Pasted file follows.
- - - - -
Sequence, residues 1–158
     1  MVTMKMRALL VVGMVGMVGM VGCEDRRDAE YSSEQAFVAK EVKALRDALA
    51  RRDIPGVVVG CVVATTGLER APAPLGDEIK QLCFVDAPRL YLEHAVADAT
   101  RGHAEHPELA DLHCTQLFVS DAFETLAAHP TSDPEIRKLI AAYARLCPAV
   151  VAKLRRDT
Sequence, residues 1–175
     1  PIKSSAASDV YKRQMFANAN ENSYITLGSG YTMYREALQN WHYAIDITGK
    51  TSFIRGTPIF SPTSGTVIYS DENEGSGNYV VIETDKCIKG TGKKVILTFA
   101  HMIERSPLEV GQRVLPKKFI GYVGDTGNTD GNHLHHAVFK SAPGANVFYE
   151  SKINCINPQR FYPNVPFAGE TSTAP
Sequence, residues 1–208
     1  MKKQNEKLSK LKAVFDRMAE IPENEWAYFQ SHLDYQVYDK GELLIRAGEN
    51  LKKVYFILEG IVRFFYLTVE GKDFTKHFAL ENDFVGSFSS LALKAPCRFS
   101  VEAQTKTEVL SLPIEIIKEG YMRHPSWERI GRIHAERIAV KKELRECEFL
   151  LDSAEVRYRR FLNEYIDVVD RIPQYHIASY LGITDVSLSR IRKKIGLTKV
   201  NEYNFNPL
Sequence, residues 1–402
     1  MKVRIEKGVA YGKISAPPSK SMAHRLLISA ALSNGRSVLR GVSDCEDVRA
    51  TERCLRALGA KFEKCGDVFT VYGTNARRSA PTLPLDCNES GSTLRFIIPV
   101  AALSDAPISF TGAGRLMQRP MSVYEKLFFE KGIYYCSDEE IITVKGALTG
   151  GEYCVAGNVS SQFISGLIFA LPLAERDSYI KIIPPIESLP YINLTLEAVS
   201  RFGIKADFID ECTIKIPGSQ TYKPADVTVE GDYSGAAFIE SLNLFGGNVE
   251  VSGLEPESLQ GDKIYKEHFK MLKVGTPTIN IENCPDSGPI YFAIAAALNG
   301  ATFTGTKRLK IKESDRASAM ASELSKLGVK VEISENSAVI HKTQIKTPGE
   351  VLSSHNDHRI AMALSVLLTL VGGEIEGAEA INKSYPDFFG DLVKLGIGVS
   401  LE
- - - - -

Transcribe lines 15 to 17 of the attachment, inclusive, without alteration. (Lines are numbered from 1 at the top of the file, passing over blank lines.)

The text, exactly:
   151  LDSAEVRYRR FLNEYIDVVD RIPQYHIASY LGITDVSLSR IRKKIGLTKV
   201  NEYNFNPL
Sequence, residues 1–402